A Ramble Round Holly Howe


Hello friends. Today, I bring you a glimpse from my summer literary rambles. I had a few extra days after working at a conference in Oxford in July, and I decided to take a train right up to the Lake District. In hunting for a place to stay in Coniston, a village much deeper into the Lakes than I had yet rambled, I stumbled upon Bank Ground Farm, the house and setting that inspired Arthur Ransom's delightful Holly Howe in the Swallows and Amazons series.

If you haven't yet discovered those summery, sun-kissed books with their rich realm of childhood imagination, then I suggest make your way to the nearest library. Post haste. The series, set in the Lake District in the 1920s, follows a gang of imaginative children and their outdoor and sailing adventures on a fictionalized Lake Windermere.

I love the stories because they remind me of my own childhood, particularly of the years I spent on my grandmother's acreage in Texas, a sprawling, cedary bit of land which offered itself as canvas to countless imagined worlds. We siblings sailed "ships" through the fields, made castles of the trees, and oceans of the stock tanks. And the same flavor of exploration and adventure colors these stories, along with the sharp, delighted sense of independence that comes when children get to cook and make-do in the great outdoors.

I felt pretty much a child again myself during those Lake District days. I pretty much walked the day long, stopping only for tea and sustenance (of which there was plenty to be had in various farmhouses and cafes!). I rambled up fields and through the halls of ancient pines and explored every footpath in my reach. I thought of Ransome walking these ways as well, thought of the children he created whose days were marked by such vast expanses of sunlight, water, and imagination.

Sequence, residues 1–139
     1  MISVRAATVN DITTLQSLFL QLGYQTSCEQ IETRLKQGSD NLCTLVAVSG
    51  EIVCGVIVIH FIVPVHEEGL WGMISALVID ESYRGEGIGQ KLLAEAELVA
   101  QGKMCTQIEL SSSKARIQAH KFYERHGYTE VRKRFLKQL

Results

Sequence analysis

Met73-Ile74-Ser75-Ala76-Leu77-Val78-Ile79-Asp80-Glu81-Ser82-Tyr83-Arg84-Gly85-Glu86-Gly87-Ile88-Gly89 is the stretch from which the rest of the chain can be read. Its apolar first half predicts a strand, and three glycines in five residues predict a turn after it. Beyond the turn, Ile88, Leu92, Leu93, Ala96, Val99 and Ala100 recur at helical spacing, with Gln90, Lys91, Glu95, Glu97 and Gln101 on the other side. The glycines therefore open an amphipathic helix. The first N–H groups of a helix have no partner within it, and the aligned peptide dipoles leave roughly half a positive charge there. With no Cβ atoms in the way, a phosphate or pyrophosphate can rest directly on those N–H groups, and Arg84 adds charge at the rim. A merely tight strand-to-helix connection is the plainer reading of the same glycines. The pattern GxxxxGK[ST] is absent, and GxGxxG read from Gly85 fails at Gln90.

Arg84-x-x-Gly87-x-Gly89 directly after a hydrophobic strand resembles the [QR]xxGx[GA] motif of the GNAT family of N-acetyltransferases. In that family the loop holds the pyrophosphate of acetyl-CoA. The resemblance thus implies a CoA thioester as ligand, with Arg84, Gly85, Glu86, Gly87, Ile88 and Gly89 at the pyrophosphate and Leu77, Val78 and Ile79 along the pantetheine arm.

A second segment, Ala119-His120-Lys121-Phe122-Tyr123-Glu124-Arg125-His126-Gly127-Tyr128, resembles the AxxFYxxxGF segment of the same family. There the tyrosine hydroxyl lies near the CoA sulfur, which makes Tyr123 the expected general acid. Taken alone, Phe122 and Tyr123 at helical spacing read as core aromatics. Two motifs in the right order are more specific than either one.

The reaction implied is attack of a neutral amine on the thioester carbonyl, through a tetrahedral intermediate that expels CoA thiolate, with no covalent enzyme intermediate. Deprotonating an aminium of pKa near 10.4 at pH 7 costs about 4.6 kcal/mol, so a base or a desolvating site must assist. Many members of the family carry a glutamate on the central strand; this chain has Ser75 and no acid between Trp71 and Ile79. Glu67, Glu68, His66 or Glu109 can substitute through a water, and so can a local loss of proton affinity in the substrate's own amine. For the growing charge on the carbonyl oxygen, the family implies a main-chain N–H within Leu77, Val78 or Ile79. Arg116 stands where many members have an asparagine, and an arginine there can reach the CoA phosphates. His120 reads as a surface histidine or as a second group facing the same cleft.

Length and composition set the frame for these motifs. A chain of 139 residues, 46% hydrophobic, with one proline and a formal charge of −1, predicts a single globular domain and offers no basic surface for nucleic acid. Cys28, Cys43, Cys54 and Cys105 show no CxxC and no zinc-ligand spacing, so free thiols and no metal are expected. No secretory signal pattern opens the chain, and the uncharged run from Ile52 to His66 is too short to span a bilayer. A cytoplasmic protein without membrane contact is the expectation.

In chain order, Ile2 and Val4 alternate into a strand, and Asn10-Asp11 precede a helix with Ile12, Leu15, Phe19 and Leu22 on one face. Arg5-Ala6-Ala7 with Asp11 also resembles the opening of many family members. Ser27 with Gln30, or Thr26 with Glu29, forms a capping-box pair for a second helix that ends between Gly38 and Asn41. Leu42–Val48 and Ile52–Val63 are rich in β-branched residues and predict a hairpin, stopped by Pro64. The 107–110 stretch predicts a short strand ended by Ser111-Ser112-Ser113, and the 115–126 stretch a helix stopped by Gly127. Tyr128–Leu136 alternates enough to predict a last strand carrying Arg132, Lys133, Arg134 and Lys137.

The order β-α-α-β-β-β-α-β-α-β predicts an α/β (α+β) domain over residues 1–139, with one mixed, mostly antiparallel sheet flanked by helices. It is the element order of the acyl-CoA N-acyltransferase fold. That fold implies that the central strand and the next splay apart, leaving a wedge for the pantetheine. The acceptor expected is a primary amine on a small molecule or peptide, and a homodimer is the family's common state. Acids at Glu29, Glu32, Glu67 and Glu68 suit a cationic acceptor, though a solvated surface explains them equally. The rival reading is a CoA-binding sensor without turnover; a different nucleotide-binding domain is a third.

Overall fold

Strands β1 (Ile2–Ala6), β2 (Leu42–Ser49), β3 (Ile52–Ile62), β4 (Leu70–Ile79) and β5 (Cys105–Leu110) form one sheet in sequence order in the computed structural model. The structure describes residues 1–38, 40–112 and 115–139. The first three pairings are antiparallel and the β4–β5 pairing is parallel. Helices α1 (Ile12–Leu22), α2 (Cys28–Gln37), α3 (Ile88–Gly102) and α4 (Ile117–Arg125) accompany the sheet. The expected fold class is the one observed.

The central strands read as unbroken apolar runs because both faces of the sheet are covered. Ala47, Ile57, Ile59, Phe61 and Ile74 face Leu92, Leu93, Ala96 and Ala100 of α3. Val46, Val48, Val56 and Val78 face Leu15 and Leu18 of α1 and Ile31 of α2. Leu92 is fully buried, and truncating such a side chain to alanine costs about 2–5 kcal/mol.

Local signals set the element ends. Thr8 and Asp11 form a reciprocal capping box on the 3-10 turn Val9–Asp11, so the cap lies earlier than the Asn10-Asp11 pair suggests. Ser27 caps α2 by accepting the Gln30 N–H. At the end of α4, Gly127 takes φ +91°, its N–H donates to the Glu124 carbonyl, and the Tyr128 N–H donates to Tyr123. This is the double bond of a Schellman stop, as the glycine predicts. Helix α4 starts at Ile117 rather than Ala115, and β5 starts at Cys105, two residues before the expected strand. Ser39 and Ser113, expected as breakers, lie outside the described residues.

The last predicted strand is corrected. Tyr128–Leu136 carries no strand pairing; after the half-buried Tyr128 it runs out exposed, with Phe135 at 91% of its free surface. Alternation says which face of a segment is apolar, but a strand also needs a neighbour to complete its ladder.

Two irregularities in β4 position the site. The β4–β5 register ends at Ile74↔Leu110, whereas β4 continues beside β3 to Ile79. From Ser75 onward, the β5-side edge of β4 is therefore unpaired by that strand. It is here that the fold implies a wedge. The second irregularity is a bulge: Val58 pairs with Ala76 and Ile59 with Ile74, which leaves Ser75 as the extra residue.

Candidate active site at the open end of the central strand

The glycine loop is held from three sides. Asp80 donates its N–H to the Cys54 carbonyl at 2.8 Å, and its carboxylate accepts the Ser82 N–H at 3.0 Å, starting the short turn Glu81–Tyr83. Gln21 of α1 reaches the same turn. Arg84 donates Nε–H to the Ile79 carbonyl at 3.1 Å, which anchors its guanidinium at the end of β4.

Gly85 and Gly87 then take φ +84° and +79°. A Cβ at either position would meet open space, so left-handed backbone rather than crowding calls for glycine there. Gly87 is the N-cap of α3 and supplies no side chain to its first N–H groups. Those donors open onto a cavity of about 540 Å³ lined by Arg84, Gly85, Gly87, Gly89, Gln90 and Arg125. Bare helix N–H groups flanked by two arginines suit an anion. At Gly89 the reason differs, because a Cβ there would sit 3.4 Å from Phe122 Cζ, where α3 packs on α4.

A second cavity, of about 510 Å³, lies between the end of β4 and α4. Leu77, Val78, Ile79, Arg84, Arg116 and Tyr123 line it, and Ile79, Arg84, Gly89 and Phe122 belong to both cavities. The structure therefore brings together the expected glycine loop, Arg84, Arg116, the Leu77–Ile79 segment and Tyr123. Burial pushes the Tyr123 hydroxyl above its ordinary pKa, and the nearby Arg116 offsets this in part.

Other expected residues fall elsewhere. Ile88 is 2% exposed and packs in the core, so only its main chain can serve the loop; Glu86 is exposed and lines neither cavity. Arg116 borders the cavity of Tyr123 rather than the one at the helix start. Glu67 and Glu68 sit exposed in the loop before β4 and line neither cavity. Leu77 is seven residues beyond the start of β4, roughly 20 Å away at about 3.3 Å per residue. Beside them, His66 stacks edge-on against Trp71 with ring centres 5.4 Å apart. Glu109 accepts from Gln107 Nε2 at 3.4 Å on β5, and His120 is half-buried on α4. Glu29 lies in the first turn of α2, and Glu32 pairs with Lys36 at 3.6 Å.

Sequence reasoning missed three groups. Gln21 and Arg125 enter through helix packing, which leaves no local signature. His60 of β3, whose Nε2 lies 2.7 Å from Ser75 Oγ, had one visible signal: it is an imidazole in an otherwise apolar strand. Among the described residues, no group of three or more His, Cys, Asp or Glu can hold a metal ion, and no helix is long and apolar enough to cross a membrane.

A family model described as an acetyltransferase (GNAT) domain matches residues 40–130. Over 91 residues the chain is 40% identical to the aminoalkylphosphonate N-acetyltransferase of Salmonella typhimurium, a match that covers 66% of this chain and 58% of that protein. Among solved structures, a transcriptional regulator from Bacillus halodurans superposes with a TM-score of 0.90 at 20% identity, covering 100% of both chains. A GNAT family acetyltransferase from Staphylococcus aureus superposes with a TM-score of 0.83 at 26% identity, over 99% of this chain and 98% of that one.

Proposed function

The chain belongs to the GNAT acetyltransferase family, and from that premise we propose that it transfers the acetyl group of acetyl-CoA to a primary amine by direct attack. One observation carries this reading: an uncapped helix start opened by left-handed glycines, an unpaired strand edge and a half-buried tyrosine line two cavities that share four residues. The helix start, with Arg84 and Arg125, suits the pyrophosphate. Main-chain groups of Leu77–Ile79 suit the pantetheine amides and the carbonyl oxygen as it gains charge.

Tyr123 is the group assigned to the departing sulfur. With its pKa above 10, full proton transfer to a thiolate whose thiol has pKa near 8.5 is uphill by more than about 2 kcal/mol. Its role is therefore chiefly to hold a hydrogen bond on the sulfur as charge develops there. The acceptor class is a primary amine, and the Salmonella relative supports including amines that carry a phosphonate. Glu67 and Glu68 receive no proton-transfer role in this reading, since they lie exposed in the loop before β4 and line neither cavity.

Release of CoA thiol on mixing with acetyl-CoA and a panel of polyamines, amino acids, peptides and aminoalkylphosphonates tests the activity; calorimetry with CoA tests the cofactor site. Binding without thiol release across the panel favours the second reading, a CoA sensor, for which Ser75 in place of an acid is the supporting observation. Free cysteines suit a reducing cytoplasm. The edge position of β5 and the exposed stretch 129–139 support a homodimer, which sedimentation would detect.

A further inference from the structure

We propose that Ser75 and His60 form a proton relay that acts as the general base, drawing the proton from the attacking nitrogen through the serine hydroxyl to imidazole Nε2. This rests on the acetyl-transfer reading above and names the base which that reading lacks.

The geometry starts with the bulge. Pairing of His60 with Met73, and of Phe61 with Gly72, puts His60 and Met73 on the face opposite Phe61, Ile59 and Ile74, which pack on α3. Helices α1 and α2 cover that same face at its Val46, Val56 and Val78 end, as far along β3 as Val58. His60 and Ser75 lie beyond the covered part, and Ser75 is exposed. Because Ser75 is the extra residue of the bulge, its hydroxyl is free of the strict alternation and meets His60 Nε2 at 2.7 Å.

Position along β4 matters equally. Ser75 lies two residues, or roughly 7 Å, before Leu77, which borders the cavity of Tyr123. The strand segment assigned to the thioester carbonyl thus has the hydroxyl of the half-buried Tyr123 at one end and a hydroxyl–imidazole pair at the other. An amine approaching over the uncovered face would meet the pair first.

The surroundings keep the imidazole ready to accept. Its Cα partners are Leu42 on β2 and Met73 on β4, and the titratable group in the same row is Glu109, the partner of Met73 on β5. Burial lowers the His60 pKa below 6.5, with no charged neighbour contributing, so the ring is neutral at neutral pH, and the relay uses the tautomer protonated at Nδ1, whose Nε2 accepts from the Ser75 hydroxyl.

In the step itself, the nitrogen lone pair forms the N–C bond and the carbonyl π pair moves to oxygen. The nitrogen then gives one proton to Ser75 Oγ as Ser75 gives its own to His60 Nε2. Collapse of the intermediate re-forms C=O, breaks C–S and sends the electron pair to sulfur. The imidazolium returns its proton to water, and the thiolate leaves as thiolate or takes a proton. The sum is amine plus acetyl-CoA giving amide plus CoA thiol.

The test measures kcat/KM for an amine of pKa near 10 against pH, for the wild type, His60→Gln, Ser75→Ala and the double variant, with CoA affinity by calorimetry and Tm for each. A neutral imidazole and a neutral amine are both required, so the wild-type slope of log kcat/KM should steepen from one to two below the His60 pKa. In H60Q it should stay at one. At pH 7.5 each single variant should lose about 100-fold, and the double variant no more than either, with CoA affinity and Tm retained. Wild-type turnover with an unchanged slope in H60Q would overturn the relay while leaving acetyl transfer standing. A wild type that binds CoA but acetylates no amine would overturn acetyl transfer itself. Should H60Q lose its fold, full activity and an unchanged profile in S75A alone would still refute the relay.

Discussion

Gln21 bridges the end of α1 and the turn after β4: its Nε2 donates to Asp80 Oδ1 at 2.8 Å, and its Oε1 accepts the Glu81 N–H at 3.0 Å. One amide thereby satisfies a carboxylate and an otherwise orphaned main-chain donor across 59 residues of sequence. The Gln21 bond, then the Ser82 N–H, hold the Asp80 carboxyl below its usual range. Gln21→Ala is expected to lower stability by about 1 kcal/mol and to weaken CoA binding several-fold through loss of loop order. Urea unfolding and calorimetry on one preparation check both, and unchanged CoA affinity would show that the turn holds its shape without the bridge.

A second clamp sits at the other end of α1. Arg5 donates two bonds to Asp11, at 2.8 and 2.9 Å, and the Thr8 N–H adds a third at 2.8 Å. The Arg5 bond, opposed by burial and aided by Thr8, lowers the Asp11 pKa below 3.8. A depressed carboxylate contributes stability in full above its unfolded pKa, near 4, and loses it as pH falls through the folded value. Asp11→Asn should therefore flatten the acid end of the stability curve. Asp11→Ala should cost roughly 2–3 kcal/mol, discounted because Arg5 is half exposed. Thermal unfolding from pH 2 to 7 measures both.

As I walked, I thought of the gift of outdoor exploration. The way that sun and wind and open sky somehow carve out places in the soul so that I arrived at my room in the evening with a wider inner self. I thought of the gift of free time - of hours unfettered by hurry or appointments, marked only by the bright sun and the growing of my hunger. I thought of the gift of not a thing to do, the lack I guess I should say, of busyness. There is always a screen, a distraction, a thing, a job to catch my eye, but during my two free days, I put it all back and made sure there was only the open earth and my two good feet to find whatever adventure I desired.

And all the way through my time, I thought of the children to whom I would love to give a gift of time like this one. For times like this, hush like this, sunlight and free play like this, are the gifts that make souls and set up brains and freshen imaginations. Sometimes a taste of it comes in a good book, when an author takes all he has known as Ransome did, and weaves it into a world of words for a child to inhabit. Then, a book is a gift almost of a new inner kingdom, for it leaves the soul widened. In glimpsing the pictures below, I hope you're inspired to savor Ransome's books and taste a little of the sunlit world he wove and pictures in his writing. I hope it widens your own soul and freshens your own imagination. And spurs you to sit on the porch with a small reader and explore the grand world of Swallows and Amazons.